the headscarf is a religious cloth so shouldn't ban.There are different religions that give people peace and everyone is free to choose own religion.at the same time there are some religious rules that is fulfilled by some people.Nobody should prevent so that do or not do.IF you bereave from some values to people,you make them unhappy and cause a psychical trauma that is incredible bad thing .in Turkey the headscarf ban has been hurting most of people.
the ban is a wound in my heart.When it is spoken,as if a surgeon is operating the open wound not morphine,l feel pain. The ban's aim is to torment and play with people not find a solution.namely the lancet get around the wound,it doesn't cure.the lancet has been given to the CHP and AK Party was injured while try to solve it by CHP AND ITS SUPPORTERS.Finally a generation and their hopes and dreams died.this is very pain.everyday to cry and sleepless nights and incurability besides insults and notwithstanding to try to live in this world.Please please if you don't solve the issue,at least don't injure more,enough.Religion should not be a pawn at politics.l hope new generation grow up with their hopes and dreams and can come true its..l'll help them everytime,they should not experience that is the our pains.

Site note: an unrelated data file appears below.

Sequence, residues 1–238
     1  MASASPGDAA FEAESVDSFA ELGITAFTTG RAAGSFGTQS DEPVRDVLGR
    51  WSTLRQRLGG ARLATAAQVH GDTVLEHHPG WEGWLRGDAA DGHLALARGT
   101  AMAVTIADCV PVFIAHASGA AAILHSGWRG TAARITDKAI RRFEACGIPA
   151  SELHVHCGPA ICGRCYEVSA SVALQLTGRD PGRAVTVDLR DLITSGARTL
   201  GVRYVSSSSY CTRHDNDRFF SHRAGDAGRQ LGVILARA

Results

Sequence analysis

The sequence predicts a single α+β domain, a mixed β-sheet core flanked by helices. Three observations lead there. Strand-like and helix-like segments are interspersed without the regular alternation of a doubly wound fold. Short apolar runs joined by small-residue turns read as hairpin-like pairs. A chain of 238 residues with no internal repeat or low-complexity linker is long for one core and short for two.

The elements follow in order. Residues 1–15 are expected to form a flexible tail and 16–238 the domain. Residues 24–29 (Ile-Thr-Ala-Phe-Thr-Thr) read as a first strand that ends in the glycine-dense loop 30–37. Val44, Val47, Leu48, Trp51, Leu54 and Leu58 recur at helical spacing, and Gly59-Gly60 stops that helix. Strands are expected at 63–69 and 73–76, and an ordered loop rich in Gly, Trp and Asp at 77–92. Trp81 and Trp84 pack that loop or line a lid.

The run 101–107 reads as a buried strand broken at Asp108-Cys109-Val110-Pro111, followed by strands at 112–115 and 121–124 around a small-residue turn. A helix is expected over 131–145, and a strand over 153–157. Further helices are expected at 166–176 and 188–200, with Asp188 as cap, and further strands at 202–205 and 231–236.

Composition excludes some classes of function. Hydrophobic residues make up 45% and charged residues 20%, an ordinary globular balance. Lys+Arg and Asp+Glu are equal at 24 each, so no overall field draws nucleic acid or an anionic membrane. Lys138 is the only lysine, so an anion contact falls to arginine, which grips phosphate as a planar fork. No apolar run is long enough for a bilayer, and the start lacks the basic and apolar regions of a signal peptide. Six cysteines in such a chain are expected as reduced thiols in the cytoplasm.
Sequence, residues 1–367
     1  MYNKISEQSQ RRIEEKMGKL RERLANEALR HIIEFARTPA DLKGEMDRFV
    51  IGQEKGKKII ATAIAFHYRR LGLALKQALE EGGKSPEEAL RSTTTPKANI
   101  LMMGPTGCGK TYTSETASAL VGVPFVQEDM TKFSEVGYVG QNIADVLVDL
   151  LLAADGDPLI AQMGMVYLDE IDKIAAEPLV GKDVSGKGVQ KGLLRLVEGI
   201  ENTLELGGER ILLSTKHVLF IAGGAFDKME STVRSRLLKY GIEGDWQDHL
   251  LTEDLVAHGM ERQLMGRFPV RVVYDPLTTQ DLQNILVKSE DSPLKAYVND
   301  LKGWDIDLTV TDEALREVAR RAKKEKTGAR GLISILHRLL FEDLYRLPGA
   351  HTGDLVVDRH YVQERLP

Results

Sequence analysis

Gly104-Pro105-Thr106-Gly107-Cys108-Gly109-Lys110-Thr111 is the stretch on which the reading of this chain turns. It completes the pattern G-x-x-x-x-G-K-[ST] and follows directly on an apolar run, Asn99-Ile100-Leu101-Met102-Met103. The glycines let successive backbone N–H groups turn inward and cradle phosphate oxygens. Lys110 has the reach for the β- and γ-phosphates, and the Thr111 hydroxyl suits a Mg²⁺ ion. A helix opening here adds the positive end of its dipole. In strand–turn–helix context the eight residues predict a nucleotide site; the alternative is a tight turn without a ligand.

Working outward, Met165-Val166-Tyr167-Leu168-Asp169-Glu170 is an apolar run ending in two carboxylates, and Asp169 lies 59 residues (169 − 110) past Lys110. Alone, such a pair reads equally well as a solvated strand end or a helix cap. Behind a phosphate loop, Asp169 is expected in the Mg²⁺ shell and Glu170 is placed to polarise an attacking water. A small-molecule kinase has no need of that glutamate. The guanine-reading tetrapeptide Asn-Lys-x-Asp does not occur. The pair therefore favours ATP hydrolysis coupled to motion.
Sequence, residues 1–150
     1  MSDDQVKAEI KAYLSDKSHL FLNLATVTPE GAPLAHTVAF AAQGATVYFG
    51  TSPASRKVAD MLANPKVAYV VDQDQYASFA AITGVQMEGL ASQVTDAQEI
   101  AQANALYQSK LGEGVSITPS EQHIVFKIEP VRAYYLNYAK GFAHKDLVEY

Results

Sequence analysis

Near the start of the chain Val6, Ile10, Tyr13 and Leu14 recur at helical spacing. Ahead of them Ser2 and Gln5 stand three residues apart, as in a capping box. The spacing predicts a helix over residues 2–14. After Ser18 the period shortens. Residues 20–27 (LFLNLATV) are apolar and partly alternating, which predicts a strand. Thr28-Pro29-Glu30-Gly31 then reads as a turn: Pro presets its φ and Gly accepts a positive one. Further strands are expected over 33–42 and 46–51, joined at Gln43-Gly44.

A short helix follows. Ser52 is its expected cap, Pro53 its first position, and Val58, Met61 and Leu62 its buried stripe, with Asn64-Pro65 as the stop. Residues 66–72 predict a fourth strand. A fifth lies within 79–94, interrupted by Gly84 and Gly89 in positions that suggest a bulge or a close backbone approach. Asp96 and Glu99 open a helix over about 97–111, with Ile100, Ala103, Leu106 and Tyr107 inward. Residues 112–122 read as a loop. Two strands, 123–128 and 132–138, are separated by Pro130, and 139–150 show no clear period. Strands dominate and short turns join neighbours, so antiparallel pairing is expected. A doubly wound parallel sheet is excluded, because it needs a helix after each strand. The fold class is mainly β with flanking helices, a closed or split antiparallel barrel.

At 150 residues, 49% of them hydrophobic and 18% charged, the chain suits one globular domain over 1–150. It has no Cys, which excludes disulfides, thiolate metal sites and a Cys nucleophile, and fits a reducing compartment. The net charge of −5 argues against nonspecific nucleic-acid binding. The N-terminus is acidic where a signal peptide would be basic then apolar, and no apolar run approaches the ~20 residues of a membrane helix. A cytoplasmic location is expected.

in Turkey if woman is determined ,she can enter everywhere.this is not a politics problem,this is a cultural problem.at the last years the situation has started to change as positive.AK Party started to change and give hope to all people no separate.

Bulent Murtezaoglu said...

Previous to rising to power as prime minister, Çiller had been under the tutelage of Turgut Özal, whose conciliatory stance on the Kurdish problem placed Özal, and Çiller as his respected protegé, in the unique position to negotiate a solution.

This is false. Ciller was got into the parliament as DYP MP and she was a minister in Demirel's cabinet.

I'm not sure you got the motivation behind her hawkishness right either, but there's so much lying and spin on that issue it is tough to figure out what took place.

Ragan Updegraff said...

This is indeed my error. Çiller came into politics under the tutelage of Demirel, but her politics were more akin to those of Özal.

Ragan Updegraff said...

Thanks, Bülent! I fixed what is a very large error, and appreciate the fact that you made me turn back to this.